Wacky and Worldly Wednesday! You’ve got a free rental coming from the Comedy or Foreign Language sections with any other paid rental! OR Get any three non-new releases for seven days for $7.99!                                                        

>>> Former Videoporter Stockman suggests (under duress) Buffy! DENNIS IS FORCING ME TO WRITE THIS! Here are some things that make me think of Buffy: Dennis forcing me to think of Buffy is number one on the list. Second, there’s construction going on outside my office which makes it feel like a Hellmouth is sitting beneath me and it’s about to get all apocalypsey in this place. Third, using the word apocalyspey! Because Buffy was amazing at turning words into other words. I think it was Buffy that taught me grammatically that all words have the power to become verbs, adjectives, and/or adverbs. Fourth, there was a terrifying experience with a bug last night. I can’t get into it, but just know that it was horrifying and I’m still traumatized. There have been a lot of great bug monsters on Buffy! And the trauma they inflict continues unto other seasons. In general I think that’s awesome for shows to do and you’d think it would be obvious, but no. Quite a few sci-fi, horror, and/or fantasy shows have always been big fans of having something epic or interesting happen in one single episode and then never ever speaking of it again. Then TV started to get good! And I dare say Buffy was a frontrunner of our current heyday of shows being really good.  So you know, if you like things that are really good and you want Dennis to free me from this cage. Check out some Buffy! Or Angel…that works too. But Buffy first.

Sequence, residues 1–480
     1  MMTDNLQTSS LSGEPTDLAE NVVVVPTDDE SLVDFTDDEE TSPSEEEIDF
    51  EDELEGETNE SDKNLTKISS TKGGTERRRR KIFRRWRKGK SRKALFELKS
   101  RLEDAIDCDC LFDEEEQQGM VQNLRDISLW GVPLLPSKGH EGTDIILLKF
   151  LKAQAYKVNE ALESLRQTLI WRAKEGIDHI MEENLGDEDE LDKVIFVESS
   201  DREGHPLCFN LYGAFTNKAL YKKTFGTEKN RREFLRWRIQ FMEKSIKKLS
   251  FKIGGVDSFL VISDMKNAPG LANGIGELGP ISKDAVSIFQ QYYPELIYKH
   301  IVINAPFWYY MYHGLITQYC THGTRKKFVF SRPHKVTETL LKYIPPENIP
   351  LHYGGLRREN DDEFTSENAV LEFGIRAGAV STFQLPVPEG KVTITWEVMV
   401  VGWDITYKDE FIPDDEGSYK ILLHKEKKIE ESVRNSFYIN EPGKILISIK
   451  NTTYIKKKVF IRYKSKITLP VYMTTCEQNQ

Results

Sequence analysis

Thrifty Thursday! Rent one, get a free rental from any other section in the store! OR Get any three non-new releases for seven days for $7.99!                                        

>>>Videoport customers and staff vote for their favorite (and least favorite) episodes of Buffy and Angel! We threw a call out to the Videoport faithful on the Internet, and here are their picks:

Buffy favorites (with quotes):

—“Hush” (season 4, episode 10): “The silent episode with those weird, creepy spooks.” (Four votes)

—“Once More With Feeling” (season 6, episode 7— The musical episode! “My family still listens to the soundtrack in the car on a regular basis.”) (Four votes)

—“Restless” (season 4, episode 22—“Trumps the almighty Hush and OMwF for simply being so epic. Heck, even Simon Pegg tweeted about it a few weeks back.” (Three votes)

—“Smashed” (season 6, ep 9—“The one where Buffy and [redacted] get down and dirty”)

—“The Body” (season 5, ep 16—“A masterpiece of an experience.” “In a league of its own.”) (Four votes)

—“Seeing Red” (season 6, ep 19)

—“Graduation Day-Parts 1&2” (season 3, eps 21&22—“ I refuse to choose between part one and part two. They’re both parts of the same thing!”)

—“The Zeppo” (season 3, ep 13)

—“Bad Girls” (season 3, ep 14)

—“The original pilot with the other Willow” (?!?)

Buffy least favorites:

—“Chosen” (Series finale: “I hate it because they killed [redacted].” (Three votes)

—“The Pack” (season 1, ep 6)

—“Hell’s Bells” (season 6, episode 16)

—“I Robot, You Jane” (season 1, episode 8—“ Not only was it a stand-alone clunky episode, it felt like they were trying. First season kinks.”) (Two votes)

—“Beer Bad” (season 4, ep 5)

—“Um…every episode except the musical episode of season 6.”

—“Primeval” (season 4, ep 21—“That season finale with the original slayer; what the hell was that?”)

Angel favorites:

—“Smile Time” (season 5, ep 14—“You’re a wee puppet man!” Angel gets turned into a muppet. It is glorious.) (Two votes)

—“Spin The Bottle” (season 4, ep 6—”I love episodes where the established reality is intentionally broken and bent to explore character as much as plot.”)

The last scene of "Not Fade Away."

The last scene of “Not Fade Away.”

—“Not Fade Away” (series finale—“I mean, it was amazing.”) (Three votes)

—”A Hole In The World” (season 5, ep 15—”If you can make it to the end of this and not be devastated—nay destroyed—you have no soul.”)

Angel least favorites:

—“All of season 4.”

—“Expecting” (season 1, ep 12)

—“Origin” (season 5, ep 18—“The ep where [redacted] came back with his new family, it seemed kind of tacked on with no real purpose.”)

Free Kids Friday! One free rental from the Kids section, no other rental necessary! OR get any three non-new releases for a week for $7.99!          

>>> Never too early to get your kids into Buffy and Angel Well, maybe it is, but do it anyway.